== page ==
2.59 Underlying public attitudes to any
particular issue or activity will be found a variety of public
values. As the Royal Commission on Environmental Pollution (RCEP)
put it in its recent report Setting Environmental Standards,
"beliefs, either individual or social,
about what is important in life, and thus about the ends or objectives
which should govern and shape public policies".
2.60 The RCEP goes on to identify two characteristics
of values. First, they evolve through information and reflection.
Second, when applied to any particular situation, the values of
any individual will often conflict with each other, and with the
values of other people. Policy-makers therefore face a triple
challenge: recognising people's values, seeing that they are understood
and brought into the debate, and making policy which comes near
enough to satisfying the values of enough people to command support.
2.61 In matters with a scientific element
there is arguably a fourth challenge, due to the deference of
many people in the face of "science". The challenge
is to help and provoke people to articulate their values, which
otherwise may go altogether unexpressed.
2.62 The RCEP observes that values are not
the same as interests. Interests may be accommodated, bought off
or "squared"; values may not. The RCEP gives examples
of widely-held values in the environmental field:
- "the environment is a vital resource for
human livelihood and an essential condition for human health and
- the rich diversity of species, ecosystems and
habitats deserves protection not because of its usefulness to
the human race, but for its own sake;
- the environment has a cultural, historical or
social significance, and may deserve protection on this account
alone (for example, a landscape which has resulted from industrial
or mining activity may signify a history of which a community
may be proud or highly conscious" (SES 7.4).
2.63 Greenpeace attempts some broader generalisations
(p 311), relevant equally to GMOs, chemical hazards and nuclear
- Public reaction to risk may not correspond to
quantitative assessment. "Reactions to uncontrollable, poorly
understood, inequitable, intergenerational and potentially catastrophic
or irreversible risks are likely to be negative."
- The public may demand justification for risk,
especially when those who create the risk, and benefit from it,
are not the same as those who bear the risk.
- The public want a "more natural personal
2.64 Both these sets of statements express
values with which many readers will identify. It is not however
the purpose of this report to say what we believe the values of
the British public to be. This question must be asked afresh by
policy-makers as each new situation arises.
2.65 In our view knowledge obtained through
scientific investigation does not in itself have a moral dimension;
but the ways in which it is pursued, and the applications to which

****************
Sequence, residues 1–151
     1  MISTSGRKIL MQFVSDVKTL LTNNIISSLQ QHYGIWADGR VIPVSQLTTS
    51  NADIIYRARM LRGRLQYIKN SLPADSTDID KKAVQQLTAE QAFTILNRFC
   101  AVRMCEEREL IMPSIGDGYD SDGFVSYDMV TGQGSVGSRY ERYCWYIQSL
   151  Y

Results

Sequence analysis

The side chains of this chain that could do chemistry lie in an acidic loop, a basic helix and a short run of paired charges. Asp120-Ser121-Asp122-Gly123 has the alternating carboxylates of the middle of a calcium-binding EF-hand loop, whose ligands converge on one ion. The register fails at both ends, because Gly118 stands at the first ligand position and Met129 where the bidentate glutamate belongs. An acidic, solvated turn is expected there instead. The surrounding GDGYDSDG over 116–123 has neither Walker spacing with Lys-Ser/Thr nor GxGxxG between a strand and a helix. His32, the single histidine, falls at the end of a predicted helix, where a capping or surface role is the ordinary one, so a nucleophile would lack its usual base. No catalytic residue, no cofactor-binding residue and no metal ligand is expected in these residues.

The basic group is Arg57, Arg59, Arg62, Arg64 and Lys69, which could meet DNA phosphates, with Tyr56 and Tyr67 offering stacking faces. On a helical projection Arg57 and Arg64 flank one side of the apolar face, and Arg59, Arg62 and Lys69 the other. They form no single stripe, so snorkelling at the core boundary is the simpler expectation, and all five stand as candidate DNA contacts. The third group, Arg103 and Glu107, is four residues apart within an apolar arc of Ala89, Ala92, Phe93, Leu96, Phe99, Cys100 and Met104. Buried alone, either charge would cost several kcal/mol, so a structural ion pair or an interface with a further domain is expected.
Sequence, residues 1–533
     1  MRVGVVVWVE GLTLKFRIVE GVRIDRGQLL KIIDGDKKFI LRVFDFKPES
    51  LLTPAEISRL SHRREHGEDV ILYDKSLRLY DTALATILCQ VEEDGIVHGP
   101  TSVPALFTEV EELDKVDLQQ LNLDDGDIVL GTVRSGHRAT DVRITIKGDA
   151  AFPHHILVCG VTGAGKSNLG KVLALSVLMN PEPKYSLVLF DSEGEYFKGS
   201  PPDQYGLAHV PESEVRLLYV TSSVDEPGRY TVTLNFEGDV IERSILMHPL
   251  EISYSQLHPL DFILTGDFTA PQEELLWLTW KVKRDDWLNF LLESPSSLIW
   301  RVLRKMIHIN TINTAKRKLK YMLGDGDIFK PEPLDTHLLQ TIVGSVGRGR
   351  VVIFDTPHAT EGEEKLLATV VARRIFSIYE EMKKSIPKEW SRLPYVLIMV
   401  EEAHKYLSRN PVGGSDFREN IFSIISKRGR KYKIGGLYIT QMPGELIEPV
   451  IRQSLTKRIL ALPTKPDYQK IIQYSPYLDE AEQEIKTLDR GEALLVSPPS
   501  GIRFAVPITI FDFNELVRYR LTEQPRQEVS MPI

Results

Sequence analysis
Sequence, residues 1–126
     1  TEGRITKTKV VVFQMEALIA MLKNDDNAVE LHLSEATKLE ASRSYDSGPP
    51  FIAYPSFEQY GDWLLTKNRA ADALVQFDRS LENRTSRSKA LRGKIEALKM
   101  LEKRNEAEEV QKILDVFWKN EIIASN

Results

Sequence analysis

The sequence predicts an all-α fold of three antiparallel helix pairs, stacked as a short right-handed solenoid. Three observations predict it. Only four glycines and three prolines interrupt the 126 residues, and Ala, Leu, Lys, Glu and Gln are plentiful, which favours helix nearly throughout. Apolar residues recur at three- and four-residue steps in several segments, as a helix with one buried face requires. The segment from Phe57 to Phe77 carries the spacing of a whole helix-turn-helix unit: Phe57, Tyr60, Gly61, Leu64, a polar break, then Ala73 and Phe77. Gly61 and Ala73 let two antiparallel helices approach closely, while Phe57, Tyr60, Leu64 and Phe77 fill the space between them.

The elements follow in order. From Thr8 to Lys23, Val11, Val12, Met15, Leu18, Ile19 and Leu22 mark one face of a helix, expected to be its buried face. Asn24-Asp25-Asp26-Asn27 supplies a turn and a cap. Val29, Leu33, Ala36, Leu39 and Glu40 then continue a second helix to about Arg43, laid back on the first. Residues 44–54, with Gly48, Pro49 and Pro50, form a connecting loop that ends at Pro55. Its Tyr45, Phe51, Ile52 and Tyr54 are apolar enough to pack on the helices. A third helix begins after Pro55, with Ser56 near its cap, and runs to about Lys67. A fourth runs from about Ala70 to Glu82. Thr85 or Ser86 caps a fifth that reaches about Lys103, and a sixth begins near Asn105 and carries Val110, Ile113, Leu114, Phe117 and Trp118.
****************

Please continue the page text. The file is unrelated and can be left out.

it may be put, inevitably engage with morality. Science is conducted
and applied by individuals; as individuals and as a collection
of professions, scientists must have morality and values, and
must be allowed and indeed expected to apply them to their work
and its applications. By declaring openly the values which underpin
their work, and by engaging with the values and attitudes of the
public, they are far more likely to command public support.
2.66 The importance of this is not confined
to scientists; it extends to those who make policy, whether public
or commercial, on the basis of scientific opportunities and advice.
Policy-makers will find it hard to win public support, or even
acquiescence, on any issue with a science component, unless the
public's attitudes and values are recognised, respected and weighed
in the balance along with the scientific and other factors.
2.67 Once this is acknowledged, the question,
as we have already observed, is how to put it into practice. In
Chapter 3 we consider activities which conventionally bear the
label "public understanding of science", and their role
in bringing out public attitudes to new developments in science.
In Chapter 5 we consider the case for new more interactive processes
of public dialogue.
12 Durant, Evans & Thomas, Public understanding
of science, Nature 340 (6 July 1989); Durant &
Bauer, Public understanding of science in Britain, report
to the OST, 1997. Back
Op. cit. Back
The British Government's standing consultative panel of 5,000
members of the public. See Chapter 5 below. Back
22 May 1999. Back
Public Perceptions of Chemistry, Qualitative Research, Management
Report, RSC May 1995. Back
Op. cit. Back
Grove-White et al 1997, Wynne et al 1995. Back
Comprising 13 learned societies. Back
The body which accredits, regulates and represents professional
engineers in the UK. Back
Royal Society Anniversary Address 1999. Back
The politics of GM food: risk, science and public trust,
ESRC Special Briefing 5, October 1999; Wynne, Patronising Joe
Public, THES 1996. Back
Genetically Modified Foods, Facts, Worries, Policies and Public
Confidence, OST, February 1999. Back
Irwin and Wynne (eds), Misunderstanding science? Cambridge
University Press 1996. Back
21st Report, October 1998, Cm 4053. Referred to below as "SES". Back